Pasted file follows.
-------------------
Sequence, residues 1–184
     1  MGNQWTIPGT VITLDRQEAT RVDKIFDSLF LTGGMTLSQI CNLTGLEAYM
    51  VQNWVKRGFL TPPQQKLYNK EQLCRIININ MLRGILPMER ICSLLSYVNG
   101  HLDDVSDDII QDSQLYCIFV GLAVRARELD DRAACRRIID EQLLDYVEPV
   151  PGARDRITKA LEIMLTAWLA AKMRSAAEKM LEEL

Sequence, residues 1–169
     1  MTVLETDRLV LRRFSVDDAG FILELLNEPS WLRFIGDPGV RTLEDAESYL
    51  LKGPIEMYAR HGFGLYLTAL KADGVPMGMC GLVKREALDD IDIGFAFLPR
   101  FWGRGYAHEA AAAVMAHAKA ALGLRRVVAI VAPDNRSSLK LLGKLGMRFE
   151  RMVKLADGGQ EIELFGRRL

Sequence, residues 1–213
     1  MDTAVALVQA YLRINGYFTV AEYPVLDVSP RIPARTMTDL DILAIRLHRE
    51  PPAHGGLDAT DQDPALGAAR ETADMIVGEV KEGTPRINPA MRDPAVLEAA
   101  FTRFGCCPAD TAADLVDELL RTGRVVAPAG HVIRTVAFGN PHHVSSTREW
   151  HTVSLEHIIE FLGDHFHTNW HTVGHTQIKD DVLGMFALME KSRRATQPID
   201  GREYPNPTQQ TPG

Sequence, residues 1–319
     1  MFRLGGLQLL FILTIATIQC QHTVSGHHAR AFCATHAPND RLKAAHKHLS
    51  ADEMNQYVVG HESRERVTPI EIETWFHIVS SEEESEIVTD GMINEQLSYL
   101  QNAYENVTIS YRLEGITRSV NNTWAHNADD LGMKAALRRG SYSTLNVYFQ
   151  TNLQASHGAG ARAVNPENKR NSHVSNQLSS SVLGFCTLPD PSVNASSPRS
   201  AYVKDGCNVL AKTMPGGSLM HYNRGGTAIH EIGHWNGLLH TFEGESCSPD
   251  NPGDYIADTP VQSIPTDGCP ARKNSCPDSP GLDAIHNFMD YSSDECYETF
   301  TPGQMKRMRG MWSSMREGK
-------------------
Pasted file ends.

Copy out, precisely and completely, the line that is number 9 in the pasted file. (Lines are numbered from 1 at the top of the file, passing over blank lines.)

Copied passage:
   101  FWGRGYAHEA AAAVMAHAKA ALGLRRVVAI VAPDNRSSLK LLGKLGMRFE